At the height of his illustration career in the mid-1920s, Carlègle was a natural choice when the major Paris publisher Georges Briffaut wanted to commission new illustrations for Pierre Louÿs’ Les aventures du Roi Pausole. Louÿs’ ever-popular libertine tale set in the realm of Tryphême, where King Pausole rules with the support of his 366 wives and his wayward daughter, the fair Aline, had been illustrated several times before, but what was needed was a bold, colourful treatment which made the most of the Tryphême tradition that all young beautiful women go naked whenever possible.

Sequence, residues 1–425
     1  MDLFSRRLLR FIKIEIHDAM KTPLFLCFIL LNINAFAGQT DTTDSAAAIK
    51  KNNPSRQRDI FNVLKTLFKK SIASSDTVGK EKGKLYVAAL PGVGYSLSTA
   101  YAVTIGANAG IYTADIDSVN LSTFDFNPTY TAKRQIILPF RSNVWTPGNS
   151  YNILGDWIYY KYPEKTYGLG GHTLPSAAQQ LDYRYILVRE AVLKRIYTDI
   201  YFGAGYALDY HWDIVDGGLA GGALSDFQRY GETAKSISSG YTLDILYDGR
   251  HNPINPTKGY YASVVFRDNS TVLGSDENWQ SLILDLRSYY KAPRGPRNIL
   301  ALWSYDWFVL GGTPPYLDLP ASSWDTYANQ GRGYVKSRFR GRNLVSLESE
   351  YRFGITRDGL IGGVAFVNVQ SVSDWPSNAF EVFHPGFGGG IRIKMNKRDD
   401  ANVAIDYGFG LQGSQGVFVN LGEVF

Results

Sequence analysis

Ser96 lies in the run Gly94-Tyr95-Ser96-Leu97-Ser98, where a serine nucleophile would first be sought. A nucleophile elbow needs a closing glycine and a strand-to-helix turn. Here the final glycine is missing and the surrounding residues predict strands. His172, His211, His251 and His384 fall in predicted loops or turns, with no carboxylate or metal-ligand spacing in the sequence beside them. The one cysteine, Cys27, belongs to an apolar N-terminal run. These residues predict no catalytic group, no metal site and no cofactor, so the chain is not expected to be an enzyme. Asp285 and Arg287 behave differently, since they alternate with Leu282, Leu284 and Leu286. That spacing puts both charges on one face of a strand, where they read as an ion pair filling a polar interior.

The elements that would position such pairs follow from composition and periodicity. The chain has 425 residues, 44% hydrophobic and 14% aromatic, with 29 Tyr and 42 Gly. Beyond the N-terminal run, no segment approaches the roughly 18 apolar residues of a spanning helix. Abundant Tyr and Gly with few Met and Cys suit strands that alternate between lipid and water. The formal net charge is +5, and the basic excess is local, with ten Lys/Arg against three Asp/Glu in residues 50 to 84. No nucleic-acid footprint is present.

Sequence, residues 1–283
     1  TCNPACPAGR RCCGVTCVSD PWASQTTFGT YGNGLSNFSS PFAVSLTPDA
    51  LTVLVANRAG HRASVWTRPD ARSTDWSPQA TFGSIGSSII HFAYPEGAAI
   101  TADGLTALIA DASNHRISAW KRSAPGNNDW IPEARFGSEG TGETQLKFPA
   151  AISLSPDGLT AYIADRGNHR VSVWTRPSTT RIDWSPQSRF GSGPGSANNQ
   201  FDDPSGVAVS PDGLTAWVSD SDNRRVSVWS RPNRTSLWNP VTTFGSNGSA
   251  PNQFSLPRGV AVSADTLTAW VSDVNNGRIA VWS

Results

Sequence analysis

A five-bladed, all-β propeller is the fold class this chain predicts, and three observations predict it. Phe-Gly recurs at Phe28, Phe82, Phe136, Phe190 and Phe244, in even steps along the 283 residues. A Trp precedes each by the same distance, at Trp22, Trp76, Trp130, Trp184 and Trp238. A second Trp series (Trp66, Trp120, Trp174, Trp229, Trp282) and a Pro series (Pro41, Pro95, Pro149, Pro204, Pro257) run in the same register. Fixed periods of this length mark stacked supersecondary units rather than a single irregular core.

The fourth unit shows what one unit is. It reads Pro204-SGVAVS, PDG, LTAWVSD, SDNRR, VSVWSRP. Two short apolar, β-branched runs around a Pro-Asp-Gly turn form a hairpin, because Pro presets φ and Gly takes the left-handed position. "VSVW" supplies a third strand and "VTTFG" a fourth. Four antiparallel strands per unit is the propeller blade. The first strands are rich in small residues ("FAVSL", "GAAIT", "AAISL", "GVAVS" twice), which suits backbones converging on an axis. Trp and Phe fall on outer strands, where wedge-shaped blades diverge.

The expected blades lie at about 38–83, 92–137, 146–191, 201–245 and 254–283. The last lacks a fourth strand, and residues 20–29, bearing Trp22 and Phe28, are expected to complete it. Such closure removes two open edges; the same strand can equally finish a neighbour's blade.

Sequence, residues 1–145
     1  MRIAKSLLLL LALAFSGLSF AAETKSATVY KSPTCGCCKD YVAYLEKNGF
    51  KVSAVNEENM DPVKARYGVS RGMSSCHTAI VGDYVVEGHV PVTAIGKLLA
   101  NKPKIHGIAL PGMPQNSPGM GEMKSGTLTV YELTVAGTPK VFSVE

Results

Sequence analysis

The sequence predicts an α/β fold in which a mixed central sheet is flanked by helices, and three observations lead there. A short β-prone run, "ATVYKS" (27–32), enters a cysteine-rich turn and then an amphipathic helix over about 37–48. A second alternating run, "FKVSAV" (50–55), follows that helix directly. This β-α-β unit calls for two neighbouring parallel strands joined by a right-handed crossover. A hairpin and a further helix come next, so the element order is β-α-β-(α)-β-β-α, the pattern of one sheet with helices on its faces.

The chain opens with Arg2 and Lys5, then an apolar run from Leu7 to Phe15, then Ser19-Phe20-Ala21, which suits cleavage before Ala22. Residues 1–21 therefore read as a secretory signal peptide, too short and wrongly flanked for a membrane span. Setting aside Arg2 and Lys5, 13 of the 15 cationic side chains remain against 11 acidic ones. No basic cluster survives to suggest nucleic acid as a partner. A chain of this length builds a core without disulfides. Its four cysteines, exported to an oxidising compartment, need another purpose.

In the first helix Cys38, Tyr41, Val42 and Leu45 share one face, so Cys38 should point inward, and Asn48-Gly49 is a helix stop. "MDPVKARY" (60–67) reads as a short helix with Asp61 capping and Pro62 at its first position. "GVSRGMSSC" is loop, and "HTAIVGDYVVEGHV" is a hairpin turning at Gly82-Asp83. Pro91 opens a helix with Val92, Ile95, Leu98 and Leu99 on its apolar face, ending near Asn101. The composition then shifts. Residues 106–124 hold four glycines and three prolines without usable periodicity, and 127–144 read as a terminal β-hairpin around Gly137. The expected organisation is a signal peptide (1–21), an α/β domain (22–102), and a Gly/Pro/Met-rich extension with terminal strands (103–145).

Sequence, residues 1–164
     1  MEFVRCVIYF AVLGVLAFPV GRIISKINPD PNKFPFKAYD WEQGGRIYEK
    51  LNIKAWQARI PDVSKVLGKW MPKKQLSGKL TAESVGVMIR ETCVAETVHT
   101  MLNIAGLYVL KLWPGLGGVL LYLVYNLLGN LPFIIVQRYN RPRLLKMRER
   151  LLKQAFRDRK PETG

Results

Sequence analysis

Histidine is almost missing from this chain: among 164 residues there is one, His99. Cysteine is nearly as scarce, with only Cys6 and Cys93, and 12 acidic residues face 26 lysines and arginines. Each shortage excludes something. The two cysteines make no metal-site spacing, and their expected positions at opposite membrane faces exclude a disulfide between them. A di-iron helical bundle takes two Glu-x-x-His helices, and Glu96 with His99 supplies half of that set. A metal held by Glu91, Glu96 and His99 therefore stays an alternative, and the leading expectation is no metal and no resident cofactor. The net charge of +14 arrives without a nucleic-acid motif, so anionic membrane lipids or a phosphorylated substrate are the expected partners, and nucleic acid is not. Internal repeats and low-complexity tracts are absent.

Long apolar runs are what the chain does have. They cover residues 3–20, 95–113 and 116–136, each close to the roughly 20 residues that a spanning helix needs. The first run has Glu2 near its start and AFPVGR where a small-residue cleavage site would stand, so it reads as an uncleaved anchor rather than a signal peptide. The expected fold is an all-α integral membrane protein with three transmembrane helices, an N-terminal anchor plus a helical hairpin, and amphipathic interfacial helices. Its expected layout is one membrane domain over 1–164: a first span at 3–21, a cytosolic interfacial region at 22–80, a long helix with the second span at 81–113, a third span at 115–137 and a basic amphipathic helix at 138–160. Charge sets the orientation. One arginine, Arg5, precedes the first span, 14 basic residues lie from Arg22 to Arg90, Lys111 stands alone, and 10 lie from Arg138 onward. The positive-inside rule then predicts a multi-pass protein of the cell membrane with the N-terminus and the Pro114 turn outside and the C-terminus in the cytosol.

Carlègle’s stylish penmanship and watercolour, combined with his wit and ability to convey a mood with the minimum of line, bring Louÿs’ tale to life in a way rarely achieved by its other illustrators; only Marcel Vertès, Clara Tice and Suzanne Ballivet achieve a similar result.

The Briffaut edition was produced in a limited numbered print run of 925 copies.